It is often said that you can learn much about a country's history and culture from its postage stamps. Pierre Berton, for instance, has written that on postage stamps "the great milestones of the past" in Canadian history "have all been recorded in miniature."1 A closer examination demonstrates that postage stamps have usually presented a selective reading of the public identity and that some narratives are privileged and others are neglected. In a recent study of the politics of commemoration, John R. Gillis has pointed out that public memories and identities are socially constructed and are embedded in complex class, gender, and power relations that determine what is remembered or forgotten. Several groups, including workers, minorities, young people, and women, have been relatively slow to gain admission to the public memory. 2
As a rule postage stamps have rated low in the hierarchy of modern cultural taste, and historians have devoted surprisingly little attention to this widely circulated form of public iconography.3 As early as 1947, however, the Canadian artist Charles Comfort argued that the postage stamp was "a valuable instrument of discreet national publicity": "The stamp carries its message far afield. A well-designed stamp does more than show that the sender has paid the prescribed rate of postage. It brings to the recipient, whether at home or abroad, something of the character, the national dignity, the contemporary awareness of the state in which it had its origin."4 Indeed if we understand stamps as a source of "government messages" about a country, social historians have suggested, then we need to consider "what kind of knowledge is produced" by the experience of contact with and collection of stamps by millions of people both at home and around the world.5
This discussion offers a modest case study in the politics of Canadian identity. It is prompted by a larger concern about the representation of the worker in Canadian history in general and in public culture in particular.6 It also contributes to the emerging work on images of labour in Canadian visual culture. Researchers such as Rosemary Donegan have pointed to the existence of an iconography of labour embedded in the specific cultural artefacts produced by workers' organizations and in the general body of work produced by Canadian artists.7 In this case, however, we are looking at a form of official culture produced by the state, often through the use of staff artists employed in the graphic arts industry, though by the 1950s the designs were opened to the talents of a number of artists of stature such as Emanuel Hahn, Charles Comfort, and A.J. Casson.8
Historically, the selection of subject matter and designs for Canadian stamps has been the prerogative of the minister responsible for the Post Office. Since 1969 a more formal structure has prevailed in the form of an appointed Stamp Advisory Committee representing interest groups in the visual arts, philatelic and, occasionally, historical community. It considers proposals from various sources, including the public, and its annual recommendations are submitted for approval by the Board of Directors of Canada Post. The policy guidelines are of a very general nature and suggest that stamps should "instil pride in their country in the minds and hearts of all Canadians" and "have popular appeal to broad segments of the Canadian population." Stamps should also "evoke Canadian history, traditions, accomplishments or natural heritage," commemorate "deceased persons generally recognized as having made outstanding contributions to Canada" and "illustrate the social, cultural or economic life of Canada."9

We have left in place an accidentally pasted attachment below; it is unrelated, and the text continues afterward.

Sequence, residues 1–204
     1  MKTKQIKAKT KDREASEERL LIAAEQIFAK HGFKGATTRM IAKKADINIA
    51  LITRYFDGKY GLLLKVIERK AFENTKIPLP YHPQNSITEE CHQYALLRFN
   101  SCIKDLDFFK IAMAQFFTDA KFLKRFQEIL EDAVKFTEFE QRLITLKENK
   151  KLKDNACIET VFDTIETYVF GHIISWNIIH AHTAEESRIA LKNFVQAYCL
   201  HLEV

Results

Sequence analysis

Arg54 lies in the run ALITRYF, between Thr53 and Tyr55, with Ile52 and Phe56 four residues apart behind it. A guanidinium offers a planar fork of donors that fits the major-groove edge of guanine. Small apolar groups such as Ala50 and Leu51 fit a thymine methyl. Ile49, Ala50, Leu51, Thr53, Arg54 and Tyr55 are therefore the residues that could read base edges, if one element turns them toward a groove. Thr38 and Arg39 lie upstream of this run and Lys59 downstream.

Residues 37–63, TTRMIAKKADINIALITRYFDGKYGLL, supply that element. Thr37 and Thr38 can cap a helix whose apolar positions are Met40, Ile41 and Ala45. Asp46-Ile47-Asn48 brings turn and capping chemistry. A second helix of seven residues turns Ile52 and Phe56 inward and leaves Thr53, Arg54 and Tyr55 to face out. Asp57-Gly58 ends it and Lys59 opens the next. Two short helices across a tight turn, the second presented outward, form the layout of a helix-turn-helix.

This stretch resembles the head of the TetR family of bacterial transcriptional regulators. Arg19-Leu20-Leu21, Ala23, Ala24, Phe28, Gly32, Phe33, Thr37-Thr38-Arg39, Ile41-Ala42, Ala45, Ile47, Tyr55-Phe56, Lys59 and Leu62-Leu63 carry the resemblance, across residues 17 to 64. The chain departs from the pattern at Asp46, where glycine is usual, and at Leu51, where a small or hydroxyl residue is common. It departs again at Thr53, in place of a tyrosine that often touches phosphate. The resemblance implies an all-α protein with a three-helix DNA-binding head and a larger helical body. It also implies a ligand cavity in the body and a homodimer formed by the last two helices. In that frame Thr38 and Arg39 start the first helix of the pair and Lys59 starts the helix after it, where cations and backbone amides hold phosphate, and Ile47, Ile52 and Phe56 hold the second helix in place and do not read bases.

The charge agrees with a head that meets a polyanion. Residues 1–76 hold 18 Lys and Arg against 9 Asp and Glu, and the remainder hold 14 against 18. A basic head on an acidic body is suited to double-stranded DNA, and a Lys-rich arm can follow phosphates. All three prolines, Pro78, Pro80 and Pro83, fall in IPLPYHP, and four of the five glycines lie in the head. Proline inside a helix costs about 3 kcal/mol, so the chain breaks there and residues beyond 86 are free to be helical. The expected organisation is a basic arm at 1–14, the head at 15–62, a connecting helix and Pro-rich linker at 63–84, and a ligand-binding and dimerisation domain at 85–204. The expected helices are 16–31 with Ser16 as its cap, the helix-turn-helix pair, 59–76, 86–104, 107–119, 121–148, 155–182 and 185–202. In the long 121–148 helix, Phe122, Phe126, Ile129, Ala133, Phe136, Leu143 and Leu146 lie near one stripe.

This discussion was also provoked in part by the first page of Greg Kealey's chapter on labour history in the useful handbook Writing About Canada that was published in 1990 by Prentice-Hall Canada Inc.10 In this book the designer used a Canadian postage stamp to illustrate the first page of each chapter. Accordingly, the Fathers of Confederation (1917) (#135) appear at the beginning of Reg Whitaker's chapter on politics. For the chapter on labour, however, the designer chose a 1957 stamp (#372) celebrating the Universal Postal Union, an international agency that held its meetings in Ottawa that year.11
|Canada Scott 372
Stamp reproduced courtesy of Canada Post Corporation
But if this was not the right stamp for the occasion, what were the alternatives? How many, among the more than 1,500 postage stamps issued by the Canadian post office since the 19th century, recognize the contributions of working people to Canadian history? In short, what can we learn from postage stamps about the place of workers in Canadian history?
This survey reveals the presence of working people on a large and varied number of postage stamps. At the same time it is also apparent that the presence of workers is in most cases incidental to the main purpose of representation. Accordingly, the discussion begins with the gaze of exclusion. It then proceeds to an examination of what may be called the gaze of inclusion, which may also, we find, be a gaze of subordination or marginalization. We then examine a more limited category, the gaze of assertion, in which the working-class presence is more directly represented. Here we find that few if any of these stamps are commemorations of labour organizations, labour leaders, or labour history. There is also a brief effort to place the Canadian evidence in perspective by reference to the labour stamps issued in Britain, France, Australia, and the United States. The discussion concludes with some suggestions for an agenda in this realm of cultural politics.